28 June 2009 Mr. Manriquez Goes to Washington
During my first step off of the airplane in rainy Baltimore on Thursday morning, I was confronted by a Southwest Airlines man standing behind a wheelchair in the exit corridor. He said something to me that in the moment was inaudible to my unpopped eardrums.
“Wha..?” I said, probably louder than I meant to.
“Chileno!?!” he asked louder.
WHAT??? How could he possibly know tha…? Ah. My hat, I remembered, and was satisfied. One step into the abyss and I was already right about something—that my hat made me a target for amigos de Chile. This was a very good sign.
The hat on my head was a gaudy red-white-and-blue gimmick of touristy nationalism that I bought for a dollar at an outdoor market in Santiago during the winter of 2005. One of the generic scraps with the word CHILE on it that I incessantly purchased for that one person (read: those several people) I was happy to completely forget about while adventuring in the world without them; but for whom protocol demanded gifting something anyway in the sad Rousseauian paradox that defined the feckless Boom Years—the appearance of all virtues without the possession of any. 1750. First Discourse on the Arts & Sciences—a tasteful tribute to the former being ignored or outright rejected in my CHILE hat’s aesthetic design.
The hat was built tough—and not Ford Tough either, thank god. It was built to last from thick, soft canvas in both of mis patrias’ colors—rojo, blanco, y azul—arranged like the Wheel of Fortune when viewed from above, and with CHILE across the front in white lettering that emerges from just above the bill to ensnare from great distances the attention of any compañero (and everyone else) in my vicinity on a clear day, which it wasn’t last Thursday morning when I arrived in Baltimore and my fellow Chileno told me that he was de Valparaíso on the coast, before confirming what I’d all but assumed about him by the fact that he looked like a man of my father’s generation. Exiliado. Exiled.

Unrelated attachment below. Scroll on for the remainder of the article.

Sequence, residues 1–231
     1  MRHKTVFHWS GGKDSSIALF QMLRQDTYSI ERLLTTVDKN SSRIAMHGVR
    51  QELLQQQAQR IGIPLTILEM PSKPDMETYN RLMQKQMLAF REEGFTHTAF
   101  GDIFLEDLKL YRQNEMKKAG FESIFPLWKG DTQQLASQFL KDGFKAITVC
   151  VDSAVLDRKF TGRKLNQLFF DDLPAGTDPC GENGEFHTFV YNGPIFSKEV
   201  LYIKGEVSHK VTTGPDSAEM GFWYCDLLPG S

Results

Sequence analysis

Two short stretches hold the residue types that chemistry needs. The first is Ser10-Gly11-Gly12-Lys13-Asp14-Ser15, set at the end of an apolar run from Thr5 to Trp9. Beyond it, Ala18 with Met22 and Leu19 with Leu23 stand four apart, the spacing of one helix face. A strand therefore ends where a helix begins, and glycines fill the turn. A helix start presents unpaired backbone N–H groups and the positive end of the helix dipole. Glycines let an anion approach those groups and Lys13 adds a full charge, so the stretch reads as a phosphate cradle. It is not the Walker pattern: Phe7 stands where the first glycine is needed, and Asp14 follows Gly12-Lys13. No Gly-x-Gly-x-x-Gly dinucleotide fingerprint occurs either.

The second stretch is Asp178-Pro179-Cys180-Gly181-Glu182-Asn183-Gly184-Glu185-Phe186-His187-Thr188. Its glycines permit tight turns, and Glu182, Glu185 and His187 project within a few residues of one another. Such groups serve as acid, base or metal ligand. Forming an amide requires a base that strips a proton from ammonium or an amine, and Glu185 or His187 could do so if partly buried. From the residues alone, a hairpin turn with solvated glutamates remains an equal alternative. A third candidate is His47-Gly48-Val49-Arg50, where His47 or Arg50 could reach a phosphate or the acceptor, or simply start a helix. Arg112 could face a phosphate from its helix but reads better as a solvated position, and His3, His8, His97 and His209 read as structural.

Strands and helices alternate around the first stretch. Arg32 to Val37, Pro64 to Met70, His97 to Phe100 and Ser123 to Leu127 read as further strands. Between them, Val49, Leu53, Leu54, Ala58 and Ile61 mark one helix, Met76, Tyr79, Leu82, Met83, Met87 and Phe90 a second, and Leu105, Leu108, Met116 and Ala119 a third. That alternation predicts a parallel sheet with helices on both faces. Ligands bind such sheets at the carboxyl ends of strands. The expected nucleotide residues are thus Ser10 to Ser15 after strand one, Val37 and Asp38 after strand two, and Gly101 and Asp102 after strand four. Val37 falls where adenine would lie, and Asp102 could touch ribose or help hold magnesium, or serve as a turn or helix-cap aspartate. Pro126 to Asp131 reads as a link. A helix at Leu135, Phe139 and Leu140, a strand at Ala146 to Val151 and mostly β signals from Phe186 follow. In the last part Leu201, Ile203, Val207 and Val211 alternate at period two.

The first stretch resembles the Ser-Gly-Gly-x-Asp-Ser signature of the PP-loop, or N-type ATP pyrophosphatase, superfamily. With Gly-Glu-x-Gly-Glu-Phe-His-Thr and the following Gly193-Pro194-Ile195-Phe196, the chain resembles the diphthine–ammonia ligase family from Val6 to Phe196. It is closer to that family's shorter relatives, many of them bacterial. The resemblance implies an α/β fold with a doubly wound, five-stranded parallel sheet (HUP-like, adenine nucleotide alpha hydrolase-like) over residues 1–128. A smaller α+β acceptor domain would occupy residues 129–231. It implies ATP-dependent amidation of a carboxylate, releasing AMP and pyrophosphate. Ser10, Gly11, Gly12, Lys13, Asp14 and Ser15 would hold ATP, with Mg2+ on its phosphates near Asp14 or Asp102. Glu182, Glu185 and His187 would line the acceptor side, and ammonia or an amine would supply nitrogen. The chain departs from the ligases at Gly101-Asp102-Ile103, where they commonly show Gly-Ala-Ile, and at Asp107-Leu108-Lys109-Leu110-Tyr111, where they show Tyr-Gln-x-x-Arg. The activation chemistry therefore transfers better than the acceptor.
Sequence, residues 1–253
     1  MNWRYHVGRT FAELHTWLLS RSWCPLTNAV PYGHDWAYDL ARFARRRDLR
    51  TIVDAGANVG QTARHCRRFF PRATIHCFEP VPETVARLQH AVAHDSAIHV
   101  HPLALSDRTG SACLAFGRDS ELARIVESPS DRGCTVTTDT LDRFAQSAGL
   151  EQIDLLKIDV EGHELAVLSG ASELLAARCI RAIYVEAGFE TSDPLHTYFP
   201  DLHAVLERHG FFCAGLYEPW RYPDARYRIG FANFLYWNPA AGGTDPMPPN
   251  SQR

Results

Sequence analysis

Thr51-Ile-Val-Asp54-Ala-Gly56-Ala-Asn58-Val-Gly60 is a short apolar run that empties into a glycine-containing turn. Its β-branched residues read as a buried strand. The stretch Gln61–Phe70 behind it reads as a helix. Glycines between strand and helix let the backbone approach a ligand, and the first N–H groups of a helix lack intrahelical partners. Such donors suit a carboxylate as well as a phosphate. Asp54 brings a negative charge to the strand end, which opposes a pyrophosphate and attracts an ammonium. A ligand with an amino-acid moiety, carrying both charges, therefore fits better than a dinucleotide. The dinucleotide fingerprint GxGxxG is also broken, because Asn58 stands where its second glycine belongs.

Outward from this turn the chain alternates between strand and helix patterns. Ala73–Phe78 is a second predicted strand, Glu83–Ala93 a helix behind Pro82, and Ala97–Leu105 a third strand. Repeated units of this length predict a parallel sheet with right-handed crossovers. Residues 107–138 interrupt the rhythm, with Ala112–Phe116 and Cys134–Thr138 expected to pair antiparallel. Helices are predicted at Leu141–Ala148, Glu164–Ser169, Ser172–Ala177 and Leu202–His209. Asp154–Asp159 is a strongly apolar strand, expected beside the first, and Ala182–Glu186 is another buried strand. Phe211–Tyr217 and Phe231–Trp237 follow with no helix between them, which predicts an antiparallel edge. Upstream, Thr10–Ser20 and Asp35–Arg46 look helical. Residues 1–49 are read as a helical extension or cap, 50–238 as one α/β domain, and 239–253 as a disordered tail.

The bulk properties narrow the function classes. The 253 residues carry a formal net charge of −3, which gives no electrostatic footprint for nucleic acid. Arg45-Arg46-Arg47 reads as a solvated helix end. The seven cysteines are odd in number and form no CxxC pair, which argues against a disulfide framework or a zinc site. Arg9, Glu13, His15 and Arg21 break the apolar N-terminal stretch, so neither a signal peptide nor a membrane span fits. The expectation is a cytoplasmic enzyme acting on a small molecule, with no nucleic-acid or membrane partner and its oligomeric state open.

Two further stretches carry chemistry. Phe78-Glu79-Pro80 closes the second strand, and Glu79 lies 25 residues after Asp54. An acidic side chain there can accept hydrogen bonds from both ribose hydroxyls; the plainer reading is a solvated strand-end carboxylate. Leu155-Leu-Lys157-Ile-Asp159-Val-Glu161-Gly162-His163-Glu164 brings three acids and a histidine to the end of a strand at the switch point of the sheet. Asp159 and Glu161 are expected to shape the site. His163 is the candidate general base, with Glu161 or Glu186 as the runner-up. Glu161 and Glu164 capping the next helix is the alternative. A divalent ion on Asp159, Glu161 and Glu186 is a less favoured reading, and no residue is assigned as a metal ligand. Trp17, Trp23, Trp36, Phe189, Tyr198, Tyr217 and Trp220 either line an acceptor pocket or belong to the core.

The man asked me about my family back home in Chile, and told me about his. Things are good there, we agreed. Or at least, mejor que aquí. Better than here.
Later, as I waited at the baggage claim for the two suitcases I’d scrambled to pack my remaining material existence into only hours before, I considered this treacherous dynamic. Chilenos now enjoy a higher quality of life than gringos, a hard reconfirmation that I had been duped all along.
In the United States, I was told, promised, that mine were oportunidades unavailable to children condemned to remain in the world into which I was born; that my father’s mutilation under la dictadura was my good fortune, because en los estados unidos, it didn’t matter that I lived in a bored, bigoted, soulsucking McNightmare of overconsumption; and later, overdevelopment…I could work hard and get good grades and attend a great universidad—better than any in all of América Latina—and then perhaps return to Chile and fight for the universal right to human dignity that injusticia denied mi gente, mi sangre, in the epic persecution of the South American poor. This was the dream that made life tolerable, I remembered…the American Dream, a merciless farce.
My luggage never arrived at the baggage claim. It was likely still in St. Louis, said the woman at the baggage desk, and so I would have to wait a day, until Friday, before boarding the Metro at Greenbelt Station with another one-way ticket into our nation’s brothel, marching to Capitol Hill, and pounding on the door of my Congressman’s office.